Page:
Ozone Holes and the Ozone Layer

By Email author - Sat, 17 Mar 2012 09:37:37 GMT
Ozone Holes and the Ozone Layer

Ozone via Shutterstock

The ozone that saves the planet from direct ultraviolet light (UV) and ultraviolet radiation sits in the stratosphere above us. It has been there since oxygen rose in quantity in the atmosphere to form almost 20% of our "air." Before that time, organisms had lived without respiration as we appreciate it, but the changes that took place with the evolution of aerobic respiration created a multitude of life. Ozone itself is simply oxygen with an extra atom (O3, instead of the normal O2.)

3 O2 → O+O+O+O+O+O → 2 O3

(ie. 3 oxygen molecules are disrupted by UV to reform as 2 ozone molecules)

It is destroyed at that altitude because the UV splits the oxygen molecules into atoms. These atoms combine in threes to make ozone. Of course the energy for this reaction uses up the UV, so the planet is saved. Life-threatening mutations such as skin cancer, cataracts and damage to immune systems would dramatically increase in many organisms. We check on polar ozone levels using satellites and weather balloons, but the story of how CFCs threatened the ozone layer is recent and dynamically continuing.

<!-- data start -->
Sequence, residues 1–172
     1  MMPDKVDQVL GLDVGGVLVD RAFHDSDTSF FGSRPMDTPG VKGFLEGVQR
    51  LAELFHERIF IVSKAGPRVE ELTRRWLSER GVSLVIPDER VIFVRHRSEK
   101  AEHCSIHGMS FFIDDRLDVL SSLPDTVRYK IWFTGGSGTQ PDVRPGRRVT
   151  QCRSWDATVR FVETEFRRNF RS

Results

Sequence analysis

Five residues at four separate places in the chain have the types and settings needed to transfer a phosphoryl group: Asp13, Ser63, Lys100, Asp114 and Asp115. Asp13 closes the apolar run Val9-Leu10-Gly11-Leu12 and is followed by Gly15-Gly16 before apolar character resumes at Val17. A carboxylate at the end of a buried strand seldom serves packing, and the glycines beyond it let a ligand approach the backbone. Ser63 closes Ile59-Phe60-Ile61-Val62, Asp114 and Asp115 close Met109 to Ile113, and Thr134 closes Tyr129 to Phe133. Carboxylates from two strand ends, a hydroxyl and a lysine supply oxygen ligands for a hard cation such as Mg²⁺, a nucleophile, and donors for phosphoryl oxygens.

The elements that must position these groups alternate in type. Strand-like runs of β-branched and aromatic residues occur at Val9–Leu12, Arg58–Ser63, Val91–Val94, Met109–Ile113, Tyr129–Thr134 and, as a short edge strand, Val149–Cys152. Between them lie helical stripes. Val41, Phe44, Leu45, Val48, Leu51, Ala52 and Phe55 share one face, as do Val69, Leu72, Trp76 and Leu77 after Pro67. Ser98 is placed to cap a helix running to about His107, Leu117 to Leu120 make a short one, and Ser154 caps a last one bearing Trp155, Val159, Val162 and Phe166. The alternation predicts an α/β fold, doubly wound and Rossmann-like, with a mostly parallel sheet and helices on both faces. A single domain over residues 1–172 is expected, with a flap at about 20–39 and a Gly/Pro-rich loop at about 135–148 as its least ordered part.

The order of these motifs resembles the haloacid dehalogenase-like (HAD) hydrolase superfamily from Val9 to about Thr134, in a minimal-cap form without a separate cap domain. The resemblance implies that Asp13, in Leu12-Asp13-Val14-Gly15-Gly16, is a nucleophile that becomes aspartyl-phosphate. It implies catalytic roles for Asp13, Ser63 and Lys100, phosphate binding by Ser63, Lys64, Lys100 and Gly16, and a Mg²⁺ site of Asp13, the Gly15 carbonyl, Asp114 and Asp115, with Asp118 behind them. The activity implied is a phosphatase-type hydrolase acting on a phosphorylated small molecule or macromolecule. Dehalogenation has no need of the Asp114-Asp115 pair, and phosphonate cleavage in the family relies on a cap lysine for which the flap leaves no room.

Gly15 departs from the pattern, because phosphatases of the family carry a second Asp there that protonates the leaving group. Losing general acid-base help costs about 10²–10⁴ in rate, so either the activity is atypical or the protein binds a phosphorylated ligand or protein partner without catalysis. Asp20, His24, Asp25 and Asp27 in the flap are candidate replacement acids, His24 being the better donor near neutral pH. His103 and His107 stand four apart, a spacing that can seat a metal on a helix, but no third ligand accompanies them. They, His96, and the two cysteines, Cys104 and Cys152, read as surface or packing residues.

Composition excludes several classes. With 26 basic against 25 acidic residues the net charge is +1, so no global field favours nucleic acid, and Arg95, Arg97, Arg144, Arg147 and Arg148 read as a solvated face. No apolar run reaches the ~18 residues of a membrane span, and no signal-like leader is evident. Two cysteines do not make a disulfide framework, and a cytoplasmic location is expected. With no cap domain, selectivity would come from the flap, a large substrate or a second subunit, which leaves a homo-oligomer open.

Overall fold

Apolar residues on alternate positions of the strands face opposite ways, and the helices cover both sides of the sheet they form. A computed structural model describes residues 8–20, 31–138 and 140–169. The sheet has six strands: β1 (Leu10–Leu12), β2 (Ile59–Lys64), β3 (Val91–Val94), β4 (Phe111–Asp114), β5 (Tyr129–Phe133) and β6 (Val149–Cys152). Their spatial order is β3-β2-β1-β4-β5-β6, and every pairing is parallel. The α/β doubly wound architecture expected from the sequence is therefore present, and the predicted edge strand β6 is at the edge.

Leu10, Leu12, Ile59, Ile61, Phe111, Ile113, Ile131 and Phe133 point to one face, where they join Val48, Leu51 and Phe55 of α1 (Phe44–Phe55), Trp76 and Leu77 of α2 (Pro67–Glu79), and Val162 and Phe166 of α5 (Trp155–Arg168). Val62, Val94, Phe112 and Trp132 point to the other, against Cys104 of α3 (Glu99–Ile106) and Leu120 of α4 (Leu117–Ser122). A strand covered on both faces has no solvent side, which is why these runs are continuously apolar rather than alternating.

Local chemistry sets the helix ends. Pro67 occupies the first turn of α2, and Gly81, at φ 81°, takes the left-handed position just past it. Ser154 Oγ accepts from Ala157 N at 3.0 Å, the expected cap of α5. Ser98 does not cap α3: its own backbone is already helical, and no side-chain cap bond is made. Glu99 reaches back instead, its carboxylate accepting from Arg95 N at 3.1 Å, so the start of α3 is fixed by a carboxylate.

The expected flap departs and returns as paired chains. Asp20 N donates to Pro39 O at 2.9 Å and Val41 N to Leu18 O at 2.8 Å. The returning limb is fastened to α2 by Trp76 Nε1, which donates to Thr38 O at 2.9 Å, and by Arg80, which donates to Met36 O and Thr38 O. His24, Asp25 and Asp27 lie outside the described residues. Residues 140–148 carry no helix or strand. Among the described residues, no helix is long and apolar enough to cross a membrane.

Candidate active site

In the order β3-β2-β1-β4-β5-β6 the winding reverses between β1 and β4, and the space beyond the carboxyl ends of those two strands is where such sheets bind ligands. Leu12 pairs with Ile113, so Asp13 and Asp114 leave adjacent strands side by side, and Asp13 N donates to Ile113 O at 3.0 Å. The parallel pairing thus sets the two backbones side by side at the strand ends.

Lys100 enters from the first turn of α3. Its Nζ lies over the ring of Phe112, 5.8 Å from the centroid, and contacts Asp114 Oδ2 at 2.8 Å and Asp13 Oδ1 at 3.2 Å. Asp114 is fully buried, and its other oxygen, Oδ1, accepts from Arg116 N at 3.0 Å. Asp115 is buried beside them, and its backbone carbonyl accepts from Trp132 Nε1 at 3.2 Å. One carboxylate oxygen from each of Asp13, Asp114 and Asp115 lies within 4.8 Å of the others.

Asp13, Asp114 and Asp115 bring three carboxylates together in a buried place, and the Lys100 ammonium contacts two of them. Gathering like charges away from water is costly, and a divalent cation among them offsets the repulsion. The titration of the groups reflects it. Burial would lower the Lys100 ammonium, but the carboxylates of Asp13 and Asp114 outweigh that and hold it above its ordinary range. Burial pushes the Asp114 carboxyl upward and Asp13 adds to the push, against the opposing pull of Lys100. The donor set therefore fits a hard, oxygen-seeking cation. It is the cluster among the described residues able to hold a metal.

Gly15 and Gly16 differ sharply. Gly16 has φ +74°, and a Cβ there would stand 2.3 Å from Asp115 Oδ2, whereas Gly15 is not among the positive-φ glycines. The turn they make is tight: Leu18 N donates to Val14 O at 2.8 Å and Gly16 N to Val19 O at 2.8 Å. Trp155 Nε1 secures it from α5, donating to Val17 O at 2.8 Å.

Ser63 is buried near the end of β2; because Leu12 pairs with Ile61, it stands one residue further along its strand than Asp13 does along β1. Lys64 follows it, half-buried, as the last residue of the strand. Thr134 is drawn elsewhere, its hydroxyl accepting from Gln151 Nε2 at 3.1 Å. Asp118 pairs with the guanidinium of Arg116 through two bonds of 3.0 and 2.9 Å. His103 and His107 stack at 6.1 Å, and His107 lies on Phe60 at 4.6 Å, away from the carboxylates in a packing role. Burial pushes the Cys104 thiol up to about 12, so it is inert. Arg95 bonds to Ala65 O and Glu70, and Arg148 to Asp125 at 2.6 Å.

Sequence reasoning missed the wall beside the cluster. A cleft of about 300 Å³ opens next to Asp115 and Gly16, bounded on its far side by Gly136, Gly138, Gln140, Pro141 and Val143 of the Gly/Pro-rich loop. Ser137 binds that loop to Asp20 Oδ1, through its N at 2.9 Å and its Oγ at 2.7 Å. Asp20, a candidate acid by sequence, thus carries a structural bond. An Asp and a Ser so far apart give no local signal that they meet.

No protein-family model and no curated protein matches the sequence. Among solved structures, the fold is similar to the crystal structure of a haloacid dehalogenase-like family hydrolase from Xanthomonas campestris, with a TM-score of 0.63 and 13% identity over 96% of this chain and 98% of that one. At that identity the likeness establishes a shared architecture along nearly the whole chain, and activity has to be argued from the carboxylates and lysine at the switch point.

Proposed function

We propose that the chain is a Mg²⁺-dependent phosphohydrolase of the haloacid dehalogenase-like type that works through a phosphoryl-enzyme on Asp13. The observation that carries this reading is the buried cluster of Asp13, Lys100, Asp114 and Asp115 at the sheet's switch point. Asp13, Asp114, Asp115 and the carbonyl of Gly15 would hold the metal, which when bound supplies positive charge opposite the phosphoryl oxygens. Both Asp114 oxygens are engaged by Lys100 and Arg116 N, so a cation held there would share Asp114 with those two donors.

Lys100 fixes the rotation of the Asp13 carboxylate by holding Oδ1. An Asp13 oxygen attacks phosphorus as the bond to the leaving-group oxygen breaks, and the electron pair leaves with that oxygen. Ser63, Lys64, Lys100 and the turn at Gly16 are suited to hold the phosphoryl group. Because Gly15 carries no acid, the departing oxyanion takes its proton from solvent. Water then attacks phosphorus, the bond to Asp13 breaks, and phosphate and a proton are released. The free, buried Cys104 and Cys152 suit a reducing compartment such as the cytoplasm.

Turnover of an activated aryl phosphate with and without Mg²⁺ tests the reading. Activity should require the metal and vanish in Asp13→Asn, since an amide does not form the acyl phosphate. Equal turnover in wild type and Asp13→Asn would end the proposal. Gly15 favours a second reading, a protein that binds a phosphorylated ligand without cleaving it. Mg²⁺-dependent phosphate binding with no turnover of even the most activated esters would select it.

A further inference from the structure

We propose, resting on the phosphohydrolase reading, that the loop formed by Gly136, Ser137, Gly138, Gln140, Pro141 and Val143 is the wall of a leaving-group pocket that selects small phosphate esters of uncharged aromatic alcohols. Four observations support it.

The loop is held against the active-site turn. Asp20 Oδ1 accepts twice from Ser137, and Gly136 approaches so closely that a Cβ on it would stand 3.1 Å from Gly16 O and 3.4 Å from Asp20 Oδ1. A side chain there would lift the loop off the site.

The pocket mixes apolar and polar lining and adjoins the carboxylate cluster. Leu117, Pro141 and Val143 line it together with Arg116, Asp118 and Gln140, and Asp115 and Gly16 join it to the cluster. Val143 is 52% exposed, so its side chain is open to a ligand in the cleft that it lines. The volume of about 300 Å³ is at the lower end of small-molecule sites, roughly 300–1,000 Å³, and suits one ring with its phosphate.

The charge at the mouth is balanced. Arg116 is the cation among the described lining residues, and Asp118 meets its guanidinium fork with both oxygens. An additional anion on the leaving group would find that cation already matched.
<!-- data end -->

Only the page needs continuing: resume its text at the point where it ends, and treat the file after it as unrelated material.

With the recent death of Prof. Sherwood (Sherry) Rowland, the era of CFC danger may be drawing slowly to a close. That fight to link chlorinated fluorocarbons to ozone loss and then the urgency of convincing governments to act was led by notable scientists such as Sherry, who won the Nobel Prize for his chemistry in 1994, twenty years after his key paper. In the stratosphere, chlorine atoms are released from CFC refrigerants and aerosols that rapidly and continuously reduce ozone concentrations.

CFC dangers

Without the Montreal protocol (1987) that Sherry inspired, we would still be releasing yet more CFCs. Nowadays the Arctic ozone hole seems to have peaked in 2011 while the Antarctic hole is stable. Complacency would be inappropriate however as the list of ozone destroyers is long and expanding. As well as long term remnants of CFCs, there is the following shopping list from hell:

HCFCs - CFC substitutes that don't last long in the atmosphere.

Methyl bromide - Pesticide that is 40X more likely to destroy ozone!

Halons - Fire extinguishers which perform like methyl bromide

Tetrachlorethane - Common solvent, releasing chlorine into atmosphere.

1,1,1 trichlorethane - (same as above).

Methyl chloroform - Solvent for cleaning, as above

Of course, the idea is these are the ones you don't buy. Check in your cupboards and shopping basket. There may be some solvents there that can destroy life as we know it! At the poles, where it matters, ozone-depleting chemicals have fallen in concentration by only 10% from their peak. This possibly means a long wait before we can confirm that, for example, the Antarctic will fully recover its ozone by 2060.

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